Parshall then entered the vehicle, climbed across the seat and placed Lancour's head in a “pressure hold” by placing his right hand at the back of Lancour's neck, placing the other hand on Lancour's jaw, and turning Lancour's jaw. According to Parshall, he was worried that Lancour was going to spit on him and used the hold to ensure that Lancour's head was facing the other way. Parshall claims he was particularly worried because of Lancour's agitated state and because he knew Lancour was a drug user, which (again, according to Parshall) could mean that Lancour had a disease that could be transmitted through saliva, such as Hepatitis C. For his part, Lancour states that there was no reason for Parshall to believe Lancour was going to spit on him: he was sitting on the other side of the vehicle; he had not threatened to spit; and he was not engaging in any body language suggesting that he might spit.

         The parties dispute the extent of force used by Parshall during the pressure hold.[3]Parshall states that he employed a “standard” pressure hold on Lancour, while Lancour contends that Parshall used an extreme amount of force, causing Lancour's head to hit the metal plate on the vehicle door and causing pain. At minimum, Lancour yelled, “You're fucking hurting me, ” and “get off my neck.” Still, Parshall did not release Lancour immediately. Instead, he told Lancour not to spit on him. Lancour tried to yell a couple of times and then yelled, “Dude, I'm not fucking spitting on you, what the hell.”

         At about the same time, Nesbit interrupted, telling Parshall that he would talk to Lancour. Parshall then released Lancour. After a few more minutes, Nesbit took Lancour to the police station, where Parshall interviewed him about his girlfriend's allegations, as well as the unrelated fraud incident. Parshall ultimately released Lancour without charging him.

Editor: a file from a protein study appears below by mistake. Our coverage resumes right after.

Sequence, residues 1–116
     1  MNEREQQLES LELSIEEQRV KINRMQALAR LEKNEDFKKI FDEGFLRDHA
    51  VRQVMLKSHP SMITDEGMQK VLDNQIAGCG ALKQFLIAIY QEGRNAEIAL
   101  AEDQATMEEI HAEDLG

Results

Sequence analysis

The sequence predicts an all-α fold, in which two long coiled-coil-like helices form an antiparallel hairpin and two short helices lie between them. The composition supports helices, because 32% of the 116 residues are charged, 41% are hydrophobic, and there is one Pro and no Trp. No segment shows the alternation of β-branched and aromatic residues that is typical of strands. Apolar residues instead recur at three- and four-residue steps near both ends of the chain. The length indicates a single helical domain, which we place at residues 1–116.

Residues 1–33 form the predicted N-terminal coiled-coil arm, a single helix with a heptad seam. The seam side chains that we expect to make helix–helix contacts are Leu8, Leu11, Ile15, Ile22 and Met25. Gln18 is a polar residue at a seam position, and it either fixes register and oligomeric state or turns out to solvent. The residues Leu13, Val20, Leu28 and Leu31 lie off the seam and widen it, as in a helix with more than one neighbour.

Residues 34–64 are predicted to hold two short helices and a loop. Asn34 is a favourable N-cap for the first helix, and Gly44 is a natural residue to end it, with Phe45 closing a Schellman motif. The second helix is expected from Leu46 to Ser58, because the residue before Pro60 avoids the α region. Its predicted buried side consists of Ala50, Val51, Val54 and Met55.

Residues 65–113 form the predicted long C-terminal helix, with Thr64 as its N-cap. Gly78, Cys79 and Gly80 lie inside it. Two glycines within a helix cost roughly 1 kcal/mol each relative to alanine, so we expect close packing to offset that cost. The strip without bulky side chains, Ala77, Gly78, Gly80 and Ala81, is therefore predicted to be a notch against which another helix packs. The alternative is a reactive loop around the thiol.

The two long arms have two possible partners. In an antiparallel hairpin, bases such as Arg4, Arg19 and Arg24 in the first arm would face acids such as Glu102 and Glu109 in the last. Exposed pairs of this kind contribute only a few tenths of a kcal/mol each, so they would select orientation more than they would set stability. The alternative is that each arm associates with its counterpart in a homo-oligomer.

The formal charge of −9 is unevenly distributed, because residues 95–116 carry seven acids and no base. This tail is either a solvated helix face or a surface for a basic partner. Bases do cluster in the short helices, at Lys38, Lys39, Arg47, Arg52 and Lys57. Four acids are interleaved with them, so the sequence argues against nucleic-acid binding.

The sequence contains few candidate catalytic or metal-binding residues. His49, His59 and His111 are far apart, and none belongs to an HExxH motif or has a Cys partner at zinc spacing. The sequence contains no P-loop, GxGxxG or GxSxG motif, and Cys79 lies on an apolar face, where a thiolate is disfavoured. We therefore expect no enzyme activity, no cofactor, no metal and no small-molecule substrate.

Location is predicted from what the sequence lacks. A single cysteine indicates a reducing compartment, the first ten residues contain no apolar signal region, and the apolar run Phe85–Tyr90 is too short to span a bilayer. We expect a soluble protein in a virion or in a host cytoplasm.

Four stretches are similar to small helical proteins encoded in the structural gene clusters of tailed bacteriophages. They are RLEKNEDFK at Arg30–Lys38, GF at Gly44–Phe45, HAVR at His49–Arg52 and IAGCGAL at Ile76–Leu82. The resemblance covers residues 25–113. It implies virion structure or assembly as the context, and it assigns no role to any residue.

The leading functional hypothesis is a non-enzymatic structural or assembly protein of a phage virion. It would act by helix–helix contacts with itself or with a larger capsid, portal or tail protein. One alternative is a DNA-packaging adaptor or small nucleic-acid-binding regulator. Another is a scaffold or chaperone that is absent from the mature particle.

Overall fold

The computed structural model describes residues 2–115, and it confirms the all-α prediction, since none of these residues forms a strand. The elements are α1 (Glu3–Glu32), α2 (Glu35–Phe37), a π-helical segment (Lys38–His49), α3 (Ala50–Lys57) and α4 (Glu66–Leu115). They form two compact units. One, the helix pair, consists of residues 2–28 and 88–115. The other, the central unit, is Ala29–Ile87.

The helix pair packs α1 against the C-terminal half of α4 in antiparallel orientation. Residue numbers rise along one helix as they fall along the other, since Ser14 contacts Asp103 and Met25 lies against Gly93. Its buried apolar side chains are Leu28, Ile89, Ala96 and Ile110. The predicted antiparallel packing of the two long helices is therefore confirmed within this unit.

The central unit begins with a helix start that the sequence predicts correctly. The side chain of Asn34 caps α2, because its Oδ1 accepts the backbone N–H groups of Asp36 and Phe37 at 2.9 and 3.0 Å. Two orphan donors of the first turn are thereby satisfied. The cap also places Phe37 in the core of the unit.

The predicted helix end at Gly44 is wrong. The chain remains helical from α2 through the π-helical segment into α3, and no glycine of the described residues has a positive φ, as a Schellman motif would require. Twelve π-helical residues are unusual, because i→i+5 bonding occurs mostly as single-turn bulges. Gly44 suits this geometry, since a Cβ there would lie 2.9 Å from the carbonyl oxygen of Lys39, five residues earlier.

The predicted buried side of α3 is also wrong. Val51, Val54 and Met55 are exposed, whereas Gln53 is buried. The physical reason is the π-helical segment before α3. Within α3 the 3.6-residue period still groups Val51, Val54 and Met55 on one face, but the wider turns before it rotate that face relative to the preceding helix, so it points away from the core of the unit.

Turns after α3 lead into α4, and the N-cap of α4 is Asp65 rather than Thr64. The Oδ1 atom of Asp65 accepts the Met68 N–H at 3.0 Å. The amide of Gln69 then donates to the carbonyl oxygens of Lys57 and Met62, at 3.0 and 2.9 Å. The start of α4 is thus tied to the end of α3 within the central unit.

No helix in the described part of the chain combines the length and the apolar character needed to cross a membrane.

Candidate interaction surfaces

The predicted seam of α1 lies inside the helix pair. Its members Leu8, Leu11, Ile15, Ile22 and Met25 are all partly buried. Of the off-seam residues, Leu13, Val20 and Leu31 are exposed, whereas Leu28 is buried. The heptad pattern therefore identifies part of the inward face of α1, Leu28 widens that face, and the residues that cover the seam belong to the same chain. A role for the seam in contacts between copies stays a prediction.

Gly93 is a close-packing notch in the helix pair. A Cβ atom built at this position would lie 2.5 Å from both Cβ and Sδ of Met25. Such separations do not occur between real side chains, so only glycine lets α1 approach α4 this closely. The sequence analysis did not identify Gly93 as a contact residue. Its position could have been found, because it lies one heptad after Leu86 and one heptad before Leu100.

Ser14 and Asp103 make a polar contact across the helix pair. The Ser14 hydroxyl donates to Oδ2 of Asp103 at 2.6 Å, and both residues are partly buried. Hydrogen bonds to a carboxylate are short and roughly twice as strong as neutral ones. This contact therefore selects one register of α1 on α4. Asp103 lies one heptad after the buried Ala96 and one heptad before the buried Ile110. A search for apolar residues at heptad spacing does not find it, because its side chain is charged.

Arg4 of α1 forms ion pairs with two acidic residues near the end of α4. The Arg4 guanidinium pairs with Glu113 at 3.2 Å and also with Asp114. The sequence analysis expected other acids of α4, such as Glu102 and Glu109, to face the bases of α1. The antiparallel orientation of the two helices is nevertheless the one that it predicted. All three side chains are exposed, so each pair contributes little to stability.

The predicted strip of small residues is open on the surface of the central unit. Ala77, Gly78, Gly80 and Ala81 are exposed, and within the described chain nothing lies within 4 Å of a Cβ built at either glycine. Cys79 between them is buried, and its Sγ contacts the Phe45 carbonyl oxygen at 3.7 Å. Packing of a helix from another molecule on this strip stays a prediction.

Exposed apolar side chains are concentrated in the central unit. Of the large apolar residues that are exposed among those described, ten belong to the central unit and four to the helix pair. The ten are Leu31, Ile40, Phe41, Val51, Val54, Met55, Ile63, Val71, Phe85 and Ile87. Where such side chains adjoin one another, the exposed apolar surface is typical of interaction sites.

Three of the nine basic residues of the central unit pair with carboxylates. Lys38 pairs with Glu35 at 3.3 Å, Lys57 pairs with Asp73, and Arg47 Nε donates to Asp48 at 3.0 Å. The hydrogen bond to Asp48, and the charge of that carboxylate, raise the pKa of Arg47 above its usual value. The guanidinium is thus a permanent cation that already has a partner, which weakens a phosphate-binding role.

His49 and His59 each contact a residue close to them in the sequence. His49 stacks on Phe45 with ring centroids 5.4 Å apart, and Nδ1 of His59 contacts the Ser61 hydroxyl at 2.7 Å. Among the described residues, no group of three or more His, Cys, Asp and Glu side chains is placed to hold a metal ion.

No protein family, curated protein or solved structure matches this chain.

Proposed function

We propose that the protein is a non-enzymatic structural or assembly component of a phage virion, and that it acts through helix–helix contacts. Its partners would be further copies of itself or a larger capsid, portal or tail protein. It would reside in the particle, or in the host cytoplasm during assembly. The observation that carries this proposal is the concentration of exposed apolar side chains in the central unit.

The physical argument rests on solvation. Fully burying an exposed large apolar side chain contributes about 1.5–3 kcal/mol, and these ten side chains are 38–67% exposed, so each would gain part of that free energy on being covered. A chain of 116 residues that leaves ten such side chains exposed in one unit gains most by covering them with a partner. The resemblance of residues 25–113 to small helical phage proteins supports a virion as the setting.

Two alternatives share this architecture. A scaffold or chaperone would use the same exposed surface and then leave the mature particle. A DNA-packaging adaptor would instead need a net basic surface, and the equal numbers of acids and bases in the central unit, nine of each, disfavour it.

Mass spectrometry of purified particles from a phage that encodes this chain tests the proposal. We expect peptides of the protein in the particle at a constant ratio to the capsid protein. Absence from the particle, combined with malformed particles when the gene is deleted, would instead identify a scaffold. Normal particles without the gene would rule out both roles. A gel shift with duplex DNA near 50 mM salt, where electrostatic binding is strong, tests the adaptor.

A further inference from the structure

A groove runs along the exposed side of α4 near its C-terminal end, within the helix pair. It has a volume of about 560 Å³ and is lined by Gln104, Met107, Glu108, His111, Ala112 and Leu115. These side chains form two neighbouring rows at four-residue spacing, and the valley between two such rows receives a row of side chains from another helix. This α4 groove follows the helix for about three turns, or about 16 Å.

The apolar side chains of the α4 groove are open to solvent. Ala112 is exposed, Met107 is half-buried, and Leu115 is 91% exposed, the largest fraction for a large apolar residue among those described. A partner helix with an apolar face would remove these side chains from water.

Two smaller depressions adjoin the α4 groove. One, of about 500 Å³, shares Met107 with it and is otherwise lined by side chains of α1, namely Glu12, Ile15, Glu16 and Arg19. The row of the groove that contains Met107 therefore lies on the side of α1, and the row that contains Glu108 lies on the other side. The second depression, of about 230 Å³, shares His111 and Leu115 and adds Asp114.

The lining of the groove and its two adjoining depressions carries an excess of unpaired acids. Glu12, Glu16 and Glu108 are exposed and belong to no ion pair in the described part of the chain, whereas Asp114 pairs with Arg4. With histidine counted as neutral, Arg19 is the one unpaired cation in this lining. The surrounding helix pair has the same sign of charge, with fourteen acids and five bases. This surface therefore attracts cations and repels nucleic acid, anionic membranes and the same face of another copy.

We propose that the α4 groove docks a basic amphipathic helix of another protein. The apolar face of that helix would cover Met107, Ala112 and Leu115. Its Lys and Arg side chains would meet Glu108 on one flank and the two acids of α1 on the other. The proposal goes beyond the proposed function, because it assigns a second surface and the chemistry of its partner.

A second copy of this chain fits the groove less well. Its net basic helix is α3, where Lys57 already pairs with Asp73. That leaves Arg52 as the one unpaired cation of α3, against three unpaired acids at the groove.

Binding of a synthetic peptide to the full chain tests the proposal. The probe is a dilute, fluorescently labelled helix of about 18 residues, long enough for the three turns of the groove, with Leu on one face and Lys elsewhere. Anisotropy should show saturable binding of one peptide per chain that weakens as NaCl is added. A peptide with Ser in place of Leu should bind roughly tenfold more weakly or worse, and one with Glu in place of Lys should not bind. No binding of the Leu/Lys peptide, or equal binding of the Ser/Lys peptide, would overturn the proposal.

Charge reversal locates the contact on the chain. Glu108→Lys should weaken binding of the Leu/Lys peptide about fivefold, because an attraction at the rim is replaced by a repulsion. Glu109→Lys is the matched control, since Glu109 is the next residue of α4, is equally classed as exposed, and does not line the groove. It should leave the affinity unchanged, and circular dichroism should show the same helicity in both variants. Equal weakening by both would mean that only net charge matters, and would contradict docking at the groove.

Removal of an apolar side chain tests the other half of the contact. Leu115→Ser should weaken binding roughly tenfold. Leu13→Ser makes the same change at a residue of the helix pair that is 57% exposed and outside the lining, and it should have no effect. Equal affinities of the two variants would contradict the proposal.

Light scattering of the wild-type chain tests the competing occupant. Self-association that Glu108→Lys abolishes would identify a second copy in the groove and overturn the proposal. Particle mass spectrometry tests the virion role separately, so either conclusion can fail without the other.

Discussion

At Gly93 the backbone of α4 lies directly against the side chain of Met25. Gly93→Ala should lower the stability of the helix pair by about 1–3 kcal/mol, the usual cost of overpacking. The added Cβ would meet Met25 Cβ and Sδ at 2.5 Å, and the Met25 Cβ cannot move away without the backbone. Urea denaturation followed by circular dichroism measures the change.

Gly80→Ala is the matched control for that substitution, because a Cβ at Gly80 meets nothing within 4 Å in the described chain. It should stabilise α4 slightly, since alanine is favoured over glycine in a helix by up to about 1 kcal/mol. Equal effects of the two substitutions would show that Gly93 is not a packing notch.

Since the incident, Lancour alleges experiencing jaw pain, jaw cracking and headaches, for which he has sought treatment. He has also experienced increased anxiety and difficulty sleeping since the incident.

         OPINION

         Defendant argues that he is entitled to summary judgment on grounds of qualified immunity because plaintiff cannot show that: (1) defendant's use of force was objectively unreasonable; or (2) that defendant violated clearly established law. Carroll v. Carman, -- U.S. --, 135 S.Ct. 348, 350 (2014) (“A government official sued under § 1983 is entitled to qualified immunity unless the official violated a statutory or constitutional right that was clearly established at the time of the challenged conduct.”). Both arguments fail.

         I. Legal Standard

         As an initial, but ultimately non-dispositive matter, defendant's qualified immunity argument is premised on the assumption that plaintiff's claim is governed by the Fourteenth Amendment, rather than the Fourth Amendment, which is likely not so. In particular, defendant argues that plaintiff's claim falls under the Fourteenth Amendment because plaintiff had already been “arrested” at the time defendant used force against him, but offers no definitive evidence that plaintiff had been arrested at the time defendant approached him in the squad car. For example, defendant has not submitted proof of any outstanding arrest warrants that would have supported an arrest of plaintiff; nor did defendant submit evidence that plaintiff was arrested based on the allegations of his girlfriend. Instead, the evidence shows that plaintiff was merely placed in the squad car to be transported to the station for questioning about an ...